On February 18, 2010, the Border Patrol arrested an abnormally large group of illegal immigrants – 128 of them, to be exact – crossing right through the middle of one of the "virtual fence" surveillance areas. Most of them have already been returned to Mexico. According to the Associated Press story, the area where the "Border Patrol surveillance video operators spotted a group of more than 100 people walking just north of the Mexico border" was "about 15 miles west of Lukeville, Arizona." Strangely, right in this area's proximity are the large surveillance and communications towers built as part of the now-cancelled SBInet (Secure Border Initiative), otherwise referred to as the "virtual fence". In fact, SBInet's Ajo-1 portion covers 30 miles of border here, with Lukeville at the base of Highway 85, running north on the map below.
The fact that the Border Patrol is making this capture public may not be simply the administration's attempt to look "real" about securing the border, but also the Border Patrol trying to indirectly let the public know that SBInet does, in fact, work – exactly what I heard from those who watched it being operated this past year but who have no ability to say so without blessings from higher-ups. Perhaps the Border Patrol is trying to tell Congress to insist on taking a look, before they buy the Department of Homeland Security's argument that SBInet was not really such a grand idea, after all. Customs and Border Protection Commissioner Alan Bersin never saw SBInet, and neither did Secretary of Homeland Security Janet Napolitano, before she decided to cancel it. Maybe, just maybe, this is a Border Patrol form of an "SOS".
To be clear, the video referred to in the AP story could possibly be some other form of surveillance, but anonymous sources from Tucson yesterday told me that it was indeed SBInet surveillance that nabbed the group. This makes sense since Organ Pipe National Monument received Ajo-1 surveillance because nothing else was there. (I have written about Organ Pipe extensively, and included slides from presentations on this area in my "Hidden Cameras on the Arizona Border 2" mini-documentary.) No other system we know of has "operators" – as in control room operators – associated with it except for SBInet. Border Patrol in Tuscon did not officially answer questions, but in this odd world of Department of Homeland Security shadow games regarding border security, that only provokes more questions, it does not answer them. Yet evidence suggests that the Border Patrol wants technology to stick around that is, at minimum, very similar to SBInet:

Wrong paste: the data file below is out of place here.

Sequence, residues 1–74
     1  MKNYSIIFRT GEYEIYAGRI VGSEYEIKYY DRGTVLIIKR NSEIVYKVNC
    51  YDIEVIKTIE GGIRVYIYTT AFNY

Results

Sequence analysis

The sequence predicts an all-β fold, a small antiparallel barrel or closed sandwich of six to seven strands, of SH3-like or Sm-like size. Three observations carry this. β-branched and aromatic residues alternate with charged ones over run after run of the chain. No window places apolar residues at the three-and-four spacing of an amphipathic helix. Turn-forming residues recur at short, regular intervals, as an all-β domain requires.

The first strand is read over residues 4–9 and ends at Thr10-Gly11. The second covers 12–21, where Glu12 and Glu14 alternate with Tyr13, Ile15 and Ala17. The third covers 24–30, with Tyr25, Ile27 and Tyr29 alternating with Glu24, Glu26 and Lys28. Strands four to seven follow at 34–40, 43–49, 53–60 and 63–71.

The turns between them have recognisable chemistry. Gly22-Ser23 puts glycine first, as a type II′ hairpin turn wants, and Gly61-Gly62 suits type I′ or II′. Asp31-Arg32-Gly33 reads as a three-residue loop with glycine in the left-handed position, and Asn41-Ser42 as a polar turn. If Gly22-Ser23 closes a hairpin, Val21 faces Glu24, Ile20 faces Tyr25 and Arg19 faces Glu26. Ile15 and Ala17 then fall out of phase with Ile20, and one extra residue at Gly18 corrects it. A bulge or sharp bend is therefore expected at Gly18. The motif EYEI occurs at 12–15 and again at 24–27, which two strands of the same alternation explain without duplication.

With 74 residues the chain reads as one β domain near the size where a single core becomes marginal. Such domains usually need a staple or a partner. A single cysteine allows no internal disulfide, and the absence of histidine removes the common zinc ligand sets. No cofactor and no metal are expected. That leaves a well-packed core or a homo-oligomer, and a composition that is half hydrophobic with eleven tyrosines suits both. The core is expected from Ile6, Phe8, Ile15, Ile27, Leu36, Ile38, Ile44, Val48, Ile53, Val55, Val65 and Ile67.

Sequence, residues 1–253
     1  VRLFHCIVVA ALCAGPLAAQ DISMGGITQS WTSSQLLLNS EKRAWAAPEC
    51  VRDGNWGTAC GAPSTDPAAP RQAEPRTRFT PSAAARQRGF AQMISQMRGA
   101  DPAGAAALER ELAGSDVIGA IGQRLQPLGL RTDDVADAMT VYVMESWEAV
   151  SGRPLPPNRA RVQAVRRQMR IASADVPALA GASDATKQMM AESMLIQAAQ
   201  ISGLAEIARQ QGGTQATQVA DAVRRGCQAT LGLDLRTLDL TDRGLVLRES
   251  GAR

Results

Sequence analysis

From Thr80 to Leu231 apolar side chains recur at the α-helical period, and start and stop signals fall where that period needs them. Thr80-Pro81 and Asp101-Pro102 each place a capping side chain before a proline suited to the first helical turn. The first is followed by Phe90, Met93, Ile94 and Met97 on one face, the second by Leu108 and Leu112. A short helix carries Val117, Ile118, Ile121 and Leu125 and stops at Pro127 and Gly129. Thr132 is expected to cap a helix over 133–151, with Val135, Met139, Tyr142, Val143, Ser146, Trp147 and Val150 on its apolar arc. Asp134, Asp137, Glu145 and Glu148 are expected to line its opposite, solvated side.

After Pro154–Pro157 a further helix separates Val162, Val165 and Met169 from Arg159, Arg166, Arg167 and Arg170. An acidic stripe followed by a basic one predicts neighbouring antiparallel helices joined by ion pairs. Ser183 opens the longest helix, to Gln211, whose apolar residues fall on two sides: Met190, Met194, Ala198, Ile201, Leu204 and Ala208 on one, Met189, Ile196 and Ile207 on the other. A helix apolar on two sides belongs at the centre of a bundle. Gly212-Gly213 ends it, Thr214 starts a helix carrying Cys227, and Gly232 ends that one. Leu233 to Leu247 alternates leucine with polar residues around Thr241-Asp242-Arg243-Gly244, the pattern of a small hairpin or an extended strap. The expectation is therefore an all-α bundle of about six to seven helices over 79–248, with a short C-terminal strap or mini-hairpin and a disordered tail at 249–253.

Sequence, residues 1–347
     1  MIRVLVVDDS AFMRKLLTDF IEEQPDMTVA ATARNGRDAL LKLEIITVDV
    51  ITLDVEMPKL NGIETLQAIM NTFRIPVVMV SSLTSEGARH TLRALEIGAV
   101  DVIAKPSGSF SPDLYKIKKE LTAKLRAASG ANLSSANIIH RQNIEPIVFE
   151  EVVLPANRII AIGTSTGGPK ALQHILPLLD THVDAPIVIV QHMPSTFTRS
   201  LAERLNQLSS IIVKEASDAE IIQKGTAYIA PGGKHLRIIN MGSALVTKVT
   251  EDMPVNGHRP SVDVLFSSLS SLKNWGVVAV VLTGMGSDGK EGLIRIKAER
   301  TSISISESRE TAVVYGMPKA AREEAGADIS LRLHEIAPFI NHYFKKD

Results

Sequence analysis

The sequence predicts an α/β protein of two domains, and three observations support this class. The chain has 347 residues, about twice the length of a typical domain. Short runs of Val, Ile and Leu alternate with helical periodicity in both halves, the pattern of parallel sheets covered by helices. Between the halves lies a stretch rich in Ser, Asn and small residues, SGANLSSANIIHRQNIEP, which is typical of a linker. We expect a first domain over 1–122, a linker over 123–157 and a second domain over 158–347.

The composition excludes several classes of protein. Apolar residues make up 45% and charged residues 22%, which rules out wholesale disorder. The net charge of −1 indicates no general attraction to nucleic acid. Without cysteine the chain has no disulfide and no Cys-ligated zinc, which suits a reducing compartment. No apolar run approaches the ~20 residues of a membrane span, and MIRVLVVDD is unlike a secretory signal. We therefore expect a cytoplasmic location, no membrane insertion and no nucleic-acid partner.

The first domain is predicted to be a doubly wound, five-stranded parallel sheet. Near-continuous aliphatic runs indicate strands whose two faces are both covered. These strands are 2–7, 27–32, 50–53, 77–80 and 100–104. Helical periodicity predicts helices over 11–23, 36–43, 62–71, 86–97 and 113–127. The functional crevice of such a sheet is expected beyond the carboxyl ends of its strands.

"Before in remote areas we didn't have the technology or infrastructure or personnel to actively patrol and monitor the more remote areas," he [Border Patrol agent Eric Cantu] said. "The larger groups are easier to spot so they're getting rarer and rarer. We're getting to the point where it's almost impossible to cross in groups so large."
Yet aside from a motive for releasing this data by the Border Patrol or the Department of Homeland Security, this still raises the question of why the smugglers would choose such a well-covered area to drive such a large group through the border? Perhaps the smugglers thought that the cancellation of SBInet meant that the cameras that can show agents the exact location of illegal activity were turned off and the control rooms were empty.
Because why else would such a large group attempt to cross where large towers loom on the border? Apparently a group this size only comes through about "once or twice a year" and "illegal immigrants typically travel in groups of five to 15, he [Cantu] said, because larger groups are much easier to detect."
Who said that our unwillingness to show strength on the border was encouraging illegal border crossing and smuggling? Couldn't be!
Ajo-1, with 6 sensors, 4 communications towers, an operations control center, and 30-mile coverage area on the border with Mexico. This is the western piece of SBInet, on the west side of the Tohono O'odham Indian Reservation located in the Organ Pipe National Monument owned by the Department of Interior. The other, larger SBI location of the cancelled SBInet project borders the east side of Tohono O'odham, and is known as Tus-1. Tus-1 replaced its much-maligned prototype P-28 in January 2010.